The LifeStraw Water Filter is a 2 oz straw-style water filter that you drink through. While LifeStraw (the company) likes to say that you can use it to drink directly from a stream or pond, that’s an exaggeration. Crouching down like that is uncomfortable at best since the straw is so short, and it is often impossible if a stream-bank or river bank is too high. You’ll really want to carry some sort of wide mouth bottle or container to hold any untreated water you scoop up, so you can sip and filter it with the straw. This can be a cup, a wide-mouth Nalgene bottle, cook pot, or even a plastic sandwich bag.
The biggest weakness of the LifeStraw is that you can’t process unfiltered water and save it for later use. That limits its utility for backpackers who are always on the move and need to drink water regularly when they hike. But the LifeStraw is ideal for home emergency preparedness, camping and international travel where water is plentiful and you have easy access to drinking and storage containers. The LifeStraw can also serve as a good backup filter for day hikers who usually carry a lot of water in a hydration system but occasionally run out.
Specs at a Glance:
- Weight: 2.0
- Filter Type: Hollow Fiber
- Lifetime: 4000 liters
- Filter pore size: 0.2 microns
- 99.9999% of all bacteria, such as salmonella, cholera and E.coli
- 99.9% of all protozoa, such as giardia and cryptosporidium
- does not remove or neutralize viruses
The LifeStraw water filter is dead simple to use. You uncap the ends, stick the bottom end into a bottle or wide-mouth container and suck water through the straw. You don’t have to suck very hard and it’s easy to drink your fill without a lot of work. If the filter is dry or hasn’t been used in a while, let the bottom soak in water for about 30 second to moisten it before use. When done, gently blow through the filter to drain any excess water and recap the ends.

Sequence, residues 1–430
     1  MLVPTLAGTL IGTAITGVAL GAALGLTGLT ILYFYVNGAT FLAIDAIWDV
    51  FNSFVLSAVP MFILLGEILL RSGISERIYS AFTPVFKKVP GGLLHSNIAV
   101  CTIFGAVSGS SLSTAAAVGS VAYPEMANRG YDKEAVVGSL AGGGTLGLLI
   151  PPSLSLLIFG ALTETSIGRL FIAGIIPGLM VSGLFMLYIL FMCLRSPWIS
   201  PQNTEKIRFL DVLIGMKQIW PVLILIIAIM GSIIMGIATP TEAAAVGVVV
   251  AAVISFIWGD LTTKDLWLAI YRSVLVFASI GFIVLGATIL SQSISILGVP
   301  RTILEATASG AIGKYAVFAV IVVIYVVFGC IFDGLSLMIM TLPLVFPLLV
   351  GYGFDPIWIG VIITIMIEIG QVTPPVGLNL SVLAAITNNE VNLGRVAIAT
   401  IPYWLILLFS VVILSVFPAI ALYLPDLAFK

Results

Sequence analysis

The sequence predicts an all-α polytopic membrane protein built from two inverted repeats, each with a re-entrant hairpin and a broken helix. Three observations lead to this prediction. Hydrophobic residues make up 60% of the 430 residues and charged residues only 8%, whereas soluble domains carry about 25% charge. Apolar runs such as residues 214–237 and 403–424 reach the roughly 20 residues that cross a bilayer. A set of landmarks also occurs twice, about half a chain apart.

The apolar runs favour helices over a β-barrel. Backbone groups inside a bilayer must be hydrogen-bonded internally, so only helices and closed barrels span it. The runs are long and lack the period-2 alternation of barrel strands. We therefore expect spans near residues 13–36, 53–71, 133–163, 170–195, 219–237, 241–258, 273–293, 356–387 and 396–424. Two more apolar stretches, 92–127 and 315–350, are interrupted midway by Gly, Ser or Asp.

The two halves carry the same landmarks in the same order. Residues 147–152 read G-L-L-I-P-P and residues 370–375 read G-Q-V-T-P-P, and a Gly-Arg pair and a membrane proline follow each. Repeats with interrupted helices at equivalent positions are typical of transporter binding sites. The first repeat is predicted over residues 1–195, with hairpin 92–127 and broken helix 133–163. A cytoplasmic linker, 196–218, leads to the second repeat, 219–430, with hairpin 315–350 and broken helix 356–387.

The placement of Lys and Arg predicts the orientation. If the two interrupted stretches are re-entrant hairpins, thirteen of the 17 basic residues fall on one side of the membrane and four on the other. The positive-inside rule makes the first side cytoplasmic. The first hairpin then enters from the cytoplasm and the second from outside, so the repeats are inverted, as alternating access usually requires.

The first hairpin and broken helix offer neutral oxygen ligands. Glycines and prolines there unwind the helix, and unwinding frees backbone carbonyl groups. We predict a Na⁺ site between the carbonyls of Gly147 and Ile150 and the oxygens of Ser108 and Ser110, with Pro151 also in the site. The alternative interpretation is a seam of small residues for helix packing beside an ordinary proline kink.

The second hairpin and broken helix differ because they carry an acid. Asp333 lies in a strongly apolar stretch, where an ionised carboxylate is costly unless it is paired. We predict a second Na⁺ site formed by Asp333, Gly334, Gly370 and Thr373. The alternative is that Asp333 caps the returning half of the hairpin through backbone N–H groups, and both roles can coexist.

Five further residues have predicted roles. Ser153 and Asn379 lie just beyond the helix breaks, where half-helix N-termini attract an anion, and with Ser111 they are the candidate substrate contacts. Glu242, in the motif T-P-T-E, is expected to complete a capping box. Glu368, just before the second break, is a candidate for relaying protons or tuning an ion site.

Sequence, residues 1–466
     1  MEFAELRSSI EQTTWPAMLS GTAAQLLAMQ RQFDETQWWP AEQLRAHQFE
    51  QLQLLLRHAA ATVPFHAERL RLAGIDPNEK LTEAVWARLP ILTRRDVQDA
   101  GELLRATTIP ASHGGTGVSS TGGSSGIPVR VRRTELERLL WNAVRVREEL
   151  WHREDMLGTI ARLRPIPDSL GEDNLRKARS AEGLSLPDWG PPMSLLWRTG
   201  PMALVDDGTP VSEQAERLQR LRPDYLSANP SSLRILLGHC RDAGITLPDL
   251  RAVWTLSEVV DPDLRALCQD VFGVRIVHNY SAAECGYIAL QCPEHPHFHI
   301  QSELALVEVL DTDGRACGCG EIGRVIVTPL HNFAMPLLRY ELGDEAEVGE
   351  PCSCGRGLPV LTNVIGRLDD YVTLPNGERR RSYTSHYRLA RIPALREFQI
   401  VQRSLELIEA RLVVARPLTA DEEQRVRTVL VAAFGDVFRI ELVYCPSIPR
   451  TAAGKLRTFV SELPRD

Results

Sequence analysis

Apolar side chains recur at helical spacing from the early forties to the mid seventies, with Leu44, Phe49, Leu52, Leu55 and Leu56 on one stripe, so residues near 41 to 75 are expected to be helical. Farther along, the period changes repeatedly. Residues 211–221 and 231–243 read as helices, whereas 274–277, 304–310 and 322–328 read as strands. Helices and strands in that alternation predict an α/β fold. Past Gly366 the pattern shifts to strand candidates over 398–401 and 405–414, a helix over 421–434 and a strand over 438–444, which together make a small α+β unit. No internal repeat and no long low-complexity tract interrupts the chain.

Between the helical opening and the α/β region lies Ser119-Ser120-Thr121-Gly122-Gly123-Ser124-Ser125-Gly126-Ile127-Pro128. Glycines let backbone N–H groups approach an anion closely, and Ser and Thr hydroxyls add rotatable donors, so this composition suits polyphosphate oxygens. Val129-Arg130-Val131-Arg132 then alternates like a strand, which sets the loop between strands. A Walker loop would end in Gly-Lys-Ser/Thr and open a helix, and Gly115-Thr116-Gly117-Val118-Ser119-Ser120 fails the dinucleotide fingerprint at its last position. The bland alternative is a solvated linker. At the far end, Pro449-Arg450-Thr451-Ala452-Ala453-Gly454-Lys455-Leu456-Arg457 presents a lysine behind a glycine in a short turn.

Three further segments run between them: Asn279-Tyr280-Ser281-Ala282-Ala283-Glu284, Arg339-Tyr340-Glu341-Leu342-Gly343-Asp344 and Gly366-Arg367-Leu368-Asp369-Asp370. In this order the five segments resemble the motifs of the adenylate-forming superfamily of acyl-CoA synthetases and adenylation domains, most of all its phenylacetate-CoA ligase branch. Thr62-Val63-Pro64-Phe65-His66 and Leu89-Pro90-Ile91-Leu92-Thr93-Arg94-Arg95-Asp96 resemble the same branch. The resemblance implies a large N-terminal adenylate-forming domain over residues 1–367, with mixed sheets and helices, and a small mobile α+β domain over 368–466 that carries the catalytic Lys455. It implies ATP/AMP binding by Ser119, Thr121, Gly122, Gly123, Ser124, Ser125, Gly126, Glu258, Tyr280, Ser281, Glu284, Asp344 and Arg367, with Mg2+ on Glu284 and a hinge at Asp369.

The advantage of carrying a straw water filter like the LifeStraw is its simplicity. It has no moving parts like a pump filter, there’s no wait time like chemical purifiers, no batteries like a Steripen, no plastic tubing required like a gravity filter, or special bottles (hard or soft) required for use. It’s also relatively inexpensive, so you can keep one at home, in your car or truck, in addition to the one in your backpack.
While the LifeStraw does resemble a very thick straw, it’s more than that. In addition to a filter, it has tethered caps covering the mouthpiece and the bottom of the filter. These are more important than you might realize because they help minimize accidental infections due to cross-contamination. If the LifeStraw mouthpiece were to come into contact with unfiltered water, there’s a chance that you could swallow a droplet of liquid containing millions of bacteria or protozoa and become ill. Having a tight-fitting cap that actually stays on helps minimize the chances of this. The same holds for the tethered cap at the base of the unit. It prevents any unfiltered water trapped inside the filter from leaking out and coming in contact with the mouthpiece or your other gear. Unfiltered water has the potential to infect you, even if you touch damp gear and unconsciously bring your fingers to your lips.